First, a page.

The Great Norman Lear, McCarthyism to McCarthyisn't
From his tours of duty during WWII to his sensational, culture changing television creations, to his political activism, to the good, decent, kind life he lived, Norman Lear represented the greatest of the greatest generation. I was lucky enough to spend some time with Norman. Yes, he was a comedic genius and maybe television's most important creator, but he was also a deeply interested, open, curious, people person. He was great, and also good. He truly lived the lyrics of the theme for his show One Day at a Time. This is it. This is life, the one you get, so go and have a ball. I once gave a toast at a birthday party we both attended, after which Norman told me I was funny. Given the source of the compliment, that was probably my greatest creative achievement. In another weird twist, Norman once invited me to read for the part of Schneider for the remake of One Day at a Time. No one who saw that recording ever recovered. Later, Norman was generous enough to blurb my book. What a gift to be even a little connected to a personal hero. While a handful of Norman's final days were spent in hospice, (fortunately for him and his family, and the world) Norman was able to live just about all of his 101 years to the fullest. Sending love and strength to his wife Lyn and all his friends and family members. What an amazing life, an amazing American, and an amazing century.
+ Jimmy Kimmel did a great job working with Norman Lear to bring live remakes of some his shows to a new audience. He also does a great job remembering his friend. "His bravery, integrity and unmatched moral compass were equaled by his kindness, empathy, and wit. Norman was very proud of the fact that the so-called Reverend Jerry Falwell dubbed him ‘The number one enemy of the American family.’ The opposite was true. More than anyone before him, Norman used situation comedy to shine a light on prejudice, intolerance, and inequality. He created families that mirrored ours, showing us a world in which Archie Bunker and Michael Stivic could learn to not only co-exist, but to love one another."Rob Reiner, Quinta Brunson, Jimmy Kimmel and More Pay Tribute to Norman Lear: ‘My Second Father’.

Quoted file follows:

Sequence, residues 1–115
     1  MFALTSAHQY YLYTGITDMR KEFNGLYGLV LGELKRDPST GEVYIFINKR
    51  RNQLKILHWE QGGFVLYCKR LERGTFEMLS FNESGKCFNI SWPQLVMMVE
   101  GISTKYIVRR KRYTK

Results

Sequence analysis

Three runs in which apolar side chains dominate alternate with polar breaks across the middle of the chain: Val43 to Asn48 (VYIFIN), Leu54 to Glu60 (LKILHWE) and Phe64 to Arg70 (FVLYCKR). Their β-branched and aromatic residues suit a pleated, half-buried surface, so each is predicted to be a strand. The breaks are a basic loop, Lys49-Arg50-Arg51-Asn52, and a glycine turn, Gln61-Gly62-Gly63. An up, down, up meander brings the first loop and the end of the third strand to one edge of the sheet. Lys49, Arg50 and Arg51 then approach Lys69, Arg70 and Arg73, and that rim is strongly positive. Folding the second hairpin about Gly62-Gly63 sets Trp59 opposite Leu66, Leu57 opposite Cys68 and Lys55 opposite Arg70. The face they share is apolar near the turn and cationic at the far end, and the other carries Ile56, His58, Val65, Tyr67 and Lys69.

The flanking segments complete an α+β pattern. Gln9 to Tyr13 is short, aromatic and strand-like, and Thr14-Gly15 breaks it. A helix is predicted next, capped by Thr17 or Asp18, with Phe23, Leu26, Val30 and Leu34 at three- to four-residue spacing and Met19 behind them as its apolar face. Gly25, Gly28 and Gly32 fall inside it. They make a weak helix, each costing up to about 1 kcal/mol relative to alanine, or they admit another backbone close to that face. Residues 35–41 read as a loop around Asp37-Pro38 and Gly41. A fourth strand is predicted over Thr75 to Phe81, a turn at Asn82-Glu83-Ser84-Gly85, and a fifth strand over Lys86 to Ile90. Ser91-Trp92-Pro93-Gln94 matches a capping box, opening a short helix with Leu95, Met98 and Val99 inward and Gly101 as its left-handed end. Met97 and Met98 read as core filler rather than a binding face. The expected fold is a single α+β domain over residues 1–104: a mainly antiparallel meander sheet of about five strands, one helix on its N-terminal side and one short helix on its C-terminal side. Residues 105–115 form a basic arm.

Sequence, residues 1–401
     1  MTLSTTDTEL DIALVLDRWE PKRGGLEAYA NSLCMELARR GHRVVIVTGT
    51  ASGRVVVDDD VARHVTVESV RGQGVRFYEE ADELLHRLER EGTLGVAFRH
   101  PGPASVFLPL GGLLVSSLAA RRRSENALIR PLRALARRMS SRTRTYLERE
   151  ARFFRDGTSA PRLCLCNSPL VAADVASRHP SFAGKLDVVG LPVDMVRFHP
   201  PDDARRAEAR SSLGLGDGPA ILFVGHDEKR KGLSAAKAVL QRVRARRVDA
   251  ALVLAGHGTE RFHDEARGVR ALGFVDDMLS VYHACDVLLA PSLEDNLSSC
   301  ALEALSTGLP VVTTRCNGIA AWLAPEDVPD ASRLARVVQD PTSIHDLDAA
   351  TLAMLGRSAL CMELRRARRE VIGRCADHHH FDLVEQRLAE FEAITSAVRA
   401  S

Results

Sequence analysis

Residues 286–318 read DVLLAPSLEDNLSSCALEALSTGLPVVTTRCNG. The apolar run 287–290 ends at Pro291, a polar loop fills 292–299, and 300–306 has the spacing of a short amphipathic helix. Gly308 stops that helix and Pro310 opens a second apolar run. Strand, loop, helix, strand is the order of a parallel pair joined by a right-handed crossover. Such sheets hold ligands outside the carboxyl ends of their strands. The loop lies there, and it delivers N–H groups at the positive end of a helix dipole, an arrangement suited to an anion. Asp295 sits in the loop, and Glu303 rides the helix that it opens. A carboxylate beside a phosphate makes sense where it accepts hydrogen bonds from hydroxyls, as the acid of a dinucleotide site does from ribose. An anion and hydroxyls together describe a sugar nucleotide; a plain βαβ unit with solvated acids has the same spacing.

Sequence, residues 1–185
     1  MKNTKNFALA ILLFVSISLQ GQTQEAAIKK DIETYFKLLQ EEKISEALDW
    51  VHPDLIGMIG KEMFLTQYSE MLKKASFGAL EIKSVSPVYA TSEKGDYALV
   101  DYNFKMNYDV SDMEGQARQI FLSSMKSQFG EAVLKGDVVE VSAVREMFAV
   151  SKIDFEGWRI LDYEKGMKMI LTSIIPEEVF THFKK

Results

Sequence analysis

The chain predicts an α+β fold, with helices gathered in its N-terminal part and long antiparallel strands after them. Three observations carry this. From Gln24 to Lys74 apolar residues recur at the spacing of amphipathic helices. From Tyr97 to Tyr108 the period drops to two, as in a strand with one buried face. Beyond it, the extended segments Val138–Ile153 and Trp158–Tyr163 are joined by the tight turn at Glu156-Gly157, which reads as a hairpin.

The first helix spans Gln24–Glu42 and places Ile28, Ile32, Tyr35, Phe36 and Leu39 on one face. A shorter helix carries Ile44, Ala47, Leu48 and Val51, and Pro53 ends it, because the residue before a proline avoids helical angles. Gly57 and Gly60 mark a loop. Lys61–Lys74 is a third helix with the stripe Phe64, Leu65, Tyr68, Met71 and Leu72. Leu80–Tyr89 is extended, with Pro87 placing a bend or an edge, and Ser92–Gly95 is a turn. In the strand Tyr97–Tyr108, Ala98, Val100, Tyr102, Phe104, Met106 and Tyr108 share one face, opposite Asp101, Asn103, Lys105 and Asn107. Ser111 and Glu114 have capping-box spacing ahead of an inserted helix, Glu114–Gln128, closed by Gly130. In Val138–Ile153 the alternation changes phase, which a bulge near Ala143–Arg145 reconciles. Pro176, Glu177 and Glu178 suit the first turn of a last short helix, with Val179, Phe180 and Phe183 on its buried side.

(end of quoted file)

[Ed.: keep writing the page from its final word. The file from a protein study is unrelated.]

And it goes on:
+ "'You looked around television in those years,' Mr. Lear said in a 2012 New York Times interview, referring to the middle and late 1960s, 'and the biggest problem any family faced was ‘Mother dented the car, and how do you keep Dad from finding out’; ‘the boss is coming to dinner, and the roast’s ruined.’ The message that was sending out was that we didn’t have any problems.'" NYT (Gift Article): Norman Lear, Whose Comedies Changed the Face of TV, Is Dead at 101.
+ The Hollywood Reporter: Norman Lear, Sitcom Genius and Citizen Activist, Dies at 101.
+ On television he brought us Sanford & Son, One Day at a Time, All in the Family, Maude, Good Times, Mary Hartman, Mary Hartman and The Jeffersons. In politics he co-founded the nonprofit People for the American Way (that among other things, fights against book bans). Movies he was involved with include This Is Spinal Tap, Stand by Me, and The Princess Bride. Norman said Action and took more than a century for life to say Cut. What a run.
From McCarthyism to McCarthyisn't
"McCarthy is the only speaker in history to be voted out of the job." And now, two months later, he's announced that he’s leaving Congress by year’s end. Kevin McCarthy was weak (he went from holding Trump accountable for Jan 6 to kissing his ass at Mar-a-Lago), dishonest, and had a terrible time getting the Speaker job he wasn't able to hold onto. But here's my concern. McCarthy was ultimately forced out of the business by people who are much more extreme. One by one the sane (or sane adjacent) people in politics are stepping away. For the same reason, fewer sane people are stepping into the ring. Where does that leave us?
The Eras Era